Darrach was charged with sexually assaulting his ex-girlfriend. At trial he attempted to introduce evidence of his ex-girlfriend's sexual history. After a voir dire, required under the rape shield law in s.276 of the Criminal Code to consider whether the evidence is admissible, the judge refused to admit it. Darrach was sentenced to nine months in jail. Darrach appealed on the basis that he was denied a fair trial as he was unable to present evidence that he mistakenly believed that the ex-girlfriend had consented. He also argued that it violated his right against self-incrimination by requiring him to testify under s.11(c) of the Charter.
- Are the sexual assault provisions of the Criminal Code constitutional?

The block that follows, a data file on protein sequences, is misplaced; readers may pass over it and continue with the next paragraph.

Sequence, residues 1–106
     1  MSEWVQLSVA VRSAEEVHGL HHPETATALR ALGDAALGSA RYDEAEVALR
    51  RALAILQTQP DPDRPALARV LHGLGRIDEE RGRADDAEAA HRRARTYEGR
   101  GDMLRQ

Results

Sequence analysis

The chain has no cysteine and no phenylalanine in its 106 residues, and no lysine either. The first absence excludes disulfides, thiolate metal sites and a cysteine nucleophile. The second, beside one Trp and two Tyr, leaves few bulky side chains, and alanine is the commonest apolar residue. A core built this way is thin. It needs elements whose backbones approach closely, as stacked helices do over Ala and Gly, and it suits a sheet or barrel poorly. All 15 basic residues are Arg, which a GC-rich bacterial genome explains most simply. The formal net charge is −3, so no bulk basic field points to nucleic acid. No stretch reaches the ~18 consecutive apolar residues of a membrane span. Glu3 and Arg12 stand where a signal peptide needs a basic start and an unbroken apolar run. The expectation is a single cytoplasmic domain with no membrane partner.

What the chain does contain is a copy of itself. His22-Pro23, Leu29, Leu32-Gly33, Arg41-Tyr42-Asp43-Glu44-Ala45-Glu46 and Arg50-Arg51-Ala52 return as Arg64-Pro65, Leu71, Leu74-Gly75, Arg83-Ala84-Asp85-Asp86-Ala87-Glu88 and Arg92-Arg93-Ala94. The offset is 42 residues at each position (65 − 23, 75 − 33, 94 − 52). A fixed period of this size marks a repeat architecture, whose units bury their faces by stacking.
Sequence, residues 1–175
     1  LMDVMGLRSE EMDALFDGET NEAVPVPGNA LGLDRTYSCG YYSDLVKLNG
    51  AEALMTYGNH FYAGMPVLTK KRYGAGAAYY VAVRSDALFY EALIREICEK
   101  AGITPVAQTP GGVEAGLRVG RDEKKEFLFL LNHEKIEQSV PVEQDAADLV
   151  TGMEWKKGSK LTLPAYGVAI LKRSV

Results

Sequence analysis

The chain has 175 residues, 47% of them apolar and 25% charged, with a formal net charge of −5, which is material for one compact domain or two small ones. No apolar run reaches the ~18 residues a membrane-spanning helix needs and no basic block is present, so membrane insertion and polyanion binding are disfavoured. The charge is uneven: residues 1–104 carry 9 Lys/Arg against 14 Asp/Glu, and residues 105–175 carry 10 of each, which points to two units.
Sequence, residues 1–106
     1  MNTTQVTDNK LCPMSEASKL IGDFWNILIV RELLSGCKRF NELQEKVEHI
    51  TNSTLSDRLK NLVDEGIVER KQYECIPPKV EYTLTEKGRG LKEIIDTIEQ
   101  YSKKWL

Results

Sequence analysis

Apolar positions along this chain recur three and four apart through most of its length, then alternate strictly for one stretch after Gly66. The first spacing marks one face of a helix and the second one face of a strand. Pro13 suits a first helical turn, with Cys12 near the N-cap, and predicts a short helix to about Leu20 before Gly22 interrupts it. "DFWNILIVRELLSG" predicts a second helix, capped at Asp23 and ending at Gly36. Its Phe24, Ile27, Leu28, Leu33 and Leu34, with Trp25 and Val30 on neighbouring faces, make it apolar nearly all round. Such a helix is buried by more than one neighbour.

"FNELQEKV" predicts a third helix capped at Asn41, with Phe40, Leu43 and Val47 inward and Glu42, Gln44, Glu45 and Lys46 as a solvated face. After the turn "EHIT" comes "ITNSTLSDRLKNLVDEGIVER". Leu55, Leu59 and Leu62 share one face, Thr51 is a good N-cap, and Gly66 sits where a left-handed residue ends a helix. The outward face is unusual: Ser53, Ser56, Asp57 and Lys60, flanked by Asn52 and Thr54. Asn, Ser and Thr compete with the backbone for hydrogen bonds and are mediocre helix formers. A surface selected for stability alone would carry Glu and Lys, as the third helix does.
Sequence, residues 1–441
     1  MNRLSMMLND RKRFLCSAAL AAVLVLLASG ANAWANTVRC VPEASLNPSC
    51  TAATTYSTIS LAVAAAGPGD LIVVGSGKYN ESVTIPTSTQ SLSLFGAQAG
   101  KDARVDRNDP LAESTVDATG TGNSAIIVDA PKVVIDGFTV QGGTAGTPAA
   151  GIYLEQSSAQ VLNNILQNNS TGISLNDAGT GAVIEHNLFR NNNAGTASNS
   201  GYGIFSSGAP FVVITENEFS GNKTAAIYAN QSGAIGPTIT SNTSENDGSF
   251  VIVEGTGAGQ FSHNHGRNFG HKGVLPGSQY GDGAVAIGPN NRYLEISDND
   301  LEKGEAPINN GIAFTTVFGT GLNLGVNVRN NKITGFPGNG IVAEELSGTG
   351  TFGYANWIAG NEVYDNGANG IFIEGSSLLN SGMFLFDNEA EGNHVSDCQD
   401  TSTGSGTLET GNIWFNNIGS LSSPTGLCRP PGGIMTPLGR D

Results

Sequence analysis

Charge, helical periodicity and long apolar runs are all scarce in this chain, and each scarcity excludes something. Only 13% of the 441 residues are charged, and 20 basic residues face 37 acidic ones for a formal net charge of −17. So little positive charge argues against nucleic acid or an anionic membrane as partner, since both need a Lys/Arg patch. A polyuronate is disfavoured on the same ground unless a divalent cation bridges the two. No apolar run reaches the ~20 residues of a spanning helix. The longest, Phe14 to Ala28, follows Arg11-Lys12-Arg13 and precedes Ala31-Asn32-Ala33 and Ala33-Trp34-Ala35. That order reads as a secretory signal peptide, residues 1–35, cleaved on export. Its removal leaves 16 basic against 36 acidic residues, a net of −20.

Morden, writing for the majority, analysed the various sections of the Code in light of the appropriate Charter provisions. Darrach argued that s.273.1(2)(d) was void for vagueness. Morden rejected this, holding that when read in light of the whole section there was no real debate on its meaning.
It was also argued that s.273.2(b) was in violation of s.7 of the Charter as it created an objective standard to judge the accused's conduct and was additionally in violation of s.11(c) as it required the accused to testify to demonstrate they took reasonable steps in the circumstances. Citing R v Vaillancourt Morden held that sexual assault was not a crime which attracted a stigma sufficient to require a subjective mens rea. On s.11(c) Morden held that there was no compulsion to testify, but rather a defence which was open to the accused.